Chicks did not have a chance

Published 12:00 am Tuesday, June 10, 2003

I have a rat terrier dog that is a year and a half old. We have had it

since it was six weeks old. It is named Scout and I hand-fed it when it was a puppy and we love it to death. Scout is great at killing rats that might be hiding under an old building and she kills rabbits that would eat the garden and young budding trees.

Last week, Scout was barking excitedly at four in the morning down by the barn where we have the new chicks housed. I didn't pay much attention, as I was tired. My son Timmy's bed had broken in the night around 3 a.m. I complained to Tom how he should have fixed the bed as it had been squeaking. He argued back that the bed was a piece of junk that my mom had gotten secondhand when I was growing up. Tom was right this time. Still I was angry at having my sleep interrupted. I put Timmy in our bed and I went and slept in my daughter's room on the top bunk bed.

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The next morning, after having a quiet breakfast because we were not speaking to each other, Tom went to feed the chicks. He came upon an ugly sight. Our beloved rat terrier had slipped through a crack in the barn and made sport with the five-day-old multicolored chicks and killed 85 out of 100. Scout didn't eat them, but had grabbed each one and bit its wing. It must have been bam, dead, bam, dead. Fifteen of the chicks had escaped and hid outside.

I went into the house and ordered 100 more online, as I was raising these chicks for my daughter Mary's wedding dinner. I had to pay $40 extra for this new batch of 100 chicks, as they were ordered after May. These chickens are turning into a more expensive dinner I thought. Mary lives in Los Angeles and was home for the weekend. She felt awful about the dog killing the chicks, especially after the hard time I had last week picking them up at the Rochester post office and driving to three post offices before I arrived at the right one. We are all checking twice to keep the barn shut up tight to keep the remaining chicks alive. I don't blame the dog as she was just doing what her instincts told her to do.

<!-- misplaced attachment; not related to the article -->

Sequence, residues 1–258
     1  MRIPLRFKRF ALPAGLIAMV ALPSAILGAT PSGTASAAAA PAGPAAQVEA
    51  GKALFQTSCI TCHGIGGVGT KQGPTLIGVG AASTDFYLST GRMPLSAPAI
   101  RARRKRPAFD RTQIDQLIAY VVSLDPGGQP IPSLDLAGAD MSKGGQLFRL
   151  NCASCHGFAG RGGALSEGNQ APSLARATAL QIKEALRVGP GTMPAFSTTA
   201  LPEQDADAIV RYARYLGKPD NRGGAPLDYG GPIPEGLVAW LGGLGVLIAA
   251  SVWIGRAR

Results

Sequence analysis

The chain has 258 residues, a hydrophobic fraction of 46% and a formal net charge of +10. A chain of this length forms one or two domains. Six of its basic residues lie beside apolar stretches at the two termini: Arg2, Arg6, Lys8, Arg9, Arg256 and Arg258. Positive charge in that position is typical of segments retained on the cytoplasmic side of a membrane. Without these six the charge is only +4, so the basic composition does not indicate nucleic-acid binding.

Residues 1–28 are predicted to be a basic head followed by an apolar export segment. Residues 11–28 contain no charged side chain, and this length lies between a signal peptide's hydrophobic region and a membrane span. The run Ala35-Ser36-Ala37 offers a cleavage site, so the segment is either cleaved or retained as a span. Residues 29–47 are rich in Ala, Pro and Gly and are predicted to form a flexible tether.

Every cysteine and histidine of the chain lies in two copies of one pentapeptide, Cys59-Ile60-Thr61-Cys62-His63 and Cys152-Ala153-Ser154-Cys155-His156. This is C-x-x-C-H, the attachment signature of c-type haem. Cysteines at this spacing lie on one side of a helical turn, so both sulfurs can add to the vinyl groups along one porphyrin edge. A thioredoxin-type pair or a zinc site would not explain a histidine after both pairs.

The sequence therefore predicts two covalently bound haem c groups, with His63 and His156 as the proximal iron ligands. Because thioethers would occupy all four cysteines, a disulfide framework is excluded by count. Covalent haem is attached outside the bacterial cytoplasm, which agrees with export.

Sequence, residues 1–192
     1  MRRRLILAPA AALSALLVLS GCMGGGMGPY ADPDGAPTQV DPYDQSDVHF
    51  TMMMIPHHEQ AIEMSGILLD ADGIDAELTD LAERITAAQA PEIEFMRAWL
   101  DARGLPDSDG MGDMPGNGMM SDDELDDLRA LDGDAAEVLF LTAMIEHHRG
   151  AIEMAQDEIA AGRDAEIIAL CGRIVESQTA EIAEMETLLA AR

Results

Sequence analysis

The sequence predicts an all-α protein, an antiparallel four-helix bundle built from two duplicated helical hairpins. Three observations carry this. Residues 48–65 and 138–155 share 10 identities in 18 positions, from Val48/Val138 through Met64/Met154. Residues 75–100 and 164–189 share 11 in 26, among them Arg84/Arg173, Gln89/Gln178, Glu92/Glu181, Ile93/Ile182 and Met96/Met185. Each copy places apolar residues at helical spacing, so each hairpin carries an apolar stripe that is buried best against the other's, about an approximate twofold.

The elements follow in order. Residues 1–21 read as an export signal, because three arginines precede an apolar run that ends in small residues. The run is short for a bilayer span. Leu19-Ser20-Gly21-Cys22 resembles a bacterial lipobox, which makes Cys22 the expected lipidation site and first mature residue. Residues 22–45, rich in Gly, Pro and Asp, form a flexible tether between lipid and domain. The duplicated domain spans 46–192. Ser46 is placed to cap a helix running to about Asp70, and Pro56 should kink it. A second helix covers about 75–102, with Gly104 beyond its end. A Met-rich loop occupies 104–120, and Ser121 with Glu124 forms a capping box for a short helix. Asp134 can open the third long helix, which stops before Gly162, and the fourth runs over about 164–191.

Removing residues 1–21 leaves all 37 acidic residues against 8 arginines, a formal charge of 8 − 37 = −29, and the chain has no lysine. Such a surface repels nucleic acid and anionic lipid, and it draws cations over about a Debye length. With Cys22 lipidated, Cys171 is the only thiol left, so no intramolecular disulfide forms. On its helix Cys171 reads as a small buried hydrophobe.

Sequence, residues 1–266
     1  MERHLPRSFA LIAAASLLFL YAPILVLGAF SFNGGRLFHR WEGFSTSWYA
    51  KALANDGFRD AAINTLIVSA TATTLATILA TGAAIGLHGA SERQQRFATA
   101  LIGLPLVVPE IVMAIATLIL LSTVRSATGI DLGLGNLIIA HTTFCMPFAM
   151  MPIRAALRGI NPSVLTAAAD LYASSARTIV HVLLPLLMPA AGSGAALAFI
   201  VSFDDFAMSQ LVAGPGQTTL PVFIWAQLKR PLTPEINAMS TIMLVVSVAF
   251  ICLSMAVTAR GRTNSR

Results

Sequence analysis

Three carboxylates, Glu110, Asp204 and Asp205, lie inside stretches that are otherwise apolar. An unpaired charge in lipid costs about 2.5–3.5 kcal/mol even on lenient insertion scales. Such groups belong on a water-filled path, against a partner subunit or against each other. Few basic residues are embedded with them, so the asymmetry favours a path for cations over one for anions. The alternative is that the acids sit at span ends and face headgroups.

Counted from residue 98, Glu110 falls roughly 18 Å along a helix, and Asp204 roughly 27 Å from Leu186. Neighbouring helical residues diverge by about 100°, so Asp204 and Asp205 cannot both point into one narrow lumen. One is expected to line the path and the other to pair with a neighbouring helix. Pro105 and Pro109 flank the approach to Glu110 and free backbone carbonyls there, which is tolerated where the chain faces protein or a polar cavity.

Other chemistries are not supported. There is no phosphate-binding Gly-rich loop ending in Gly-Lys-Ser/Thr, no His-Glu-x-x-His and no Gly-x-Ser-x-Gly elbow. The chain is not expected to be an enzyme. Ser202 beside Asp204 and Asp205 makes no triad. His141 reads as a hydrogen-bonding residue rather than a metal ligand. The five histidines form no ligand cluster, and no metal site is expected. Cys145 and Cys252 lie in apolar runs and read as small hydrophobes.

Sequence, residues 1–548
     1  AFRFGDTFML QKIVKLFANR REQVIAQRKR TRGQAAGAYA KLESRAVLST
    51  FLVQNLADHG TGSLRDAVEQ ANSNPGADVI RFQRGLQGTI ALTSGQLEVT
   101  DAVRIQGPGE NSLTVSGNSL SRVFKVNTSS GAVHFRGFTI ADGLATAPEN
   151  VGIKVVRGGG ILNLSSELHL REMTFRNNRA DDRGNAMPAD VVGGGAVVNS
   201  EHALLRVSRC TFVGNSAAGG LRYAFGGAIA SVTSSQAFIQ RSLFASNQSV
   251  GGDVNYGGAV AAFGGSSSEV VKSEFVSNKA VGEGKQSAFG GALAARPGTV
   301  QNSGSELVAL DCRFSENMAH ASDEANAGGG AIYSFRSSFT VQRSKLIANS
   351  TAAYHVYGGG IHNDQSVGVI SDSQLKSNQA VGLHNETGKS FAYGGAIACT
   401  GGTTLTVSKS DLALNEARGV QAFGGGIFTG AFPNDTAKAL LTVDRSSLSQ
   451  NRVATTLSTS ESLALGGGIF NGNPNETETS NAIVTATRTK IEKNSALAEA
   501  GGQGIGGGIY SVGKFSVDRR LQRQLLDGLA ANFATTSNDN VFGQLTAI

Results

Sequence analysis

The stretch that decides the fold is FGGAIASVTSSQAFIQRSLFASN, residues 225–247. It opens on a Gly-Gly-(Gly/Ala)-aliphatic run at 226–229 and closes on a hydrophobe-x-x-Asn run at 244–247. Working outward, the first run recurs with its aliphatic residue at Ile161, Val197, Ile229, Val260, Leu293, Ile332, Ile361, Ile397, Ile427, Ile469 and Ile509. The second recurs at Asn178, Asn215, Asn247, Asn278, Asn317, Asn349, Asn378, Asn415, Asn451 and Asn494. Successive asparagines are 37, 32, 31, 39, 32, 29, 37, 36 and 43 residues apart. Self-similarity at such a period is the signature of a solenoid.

When I was young, we had a puppy that got in the barn and killed 200 half-grown chicks that were being raised for winter dinners. My dad was livid and he got rid of the dog immediately. My son raises chicks too, and he had a puppy that wouldn't quit eating chickens. He had to get rid of the puppy, as he couldn't get him to quit killing them. I have hope for our little dog. She is smart. I only wish I had caught her right in the act of killing the chicks, then it would have been easier to discipline her. My new chicks won't be arriving for two weeks. The dog won't be getting near them.

Sheila Donnelly can be reached at 434-2233 or by e-mail at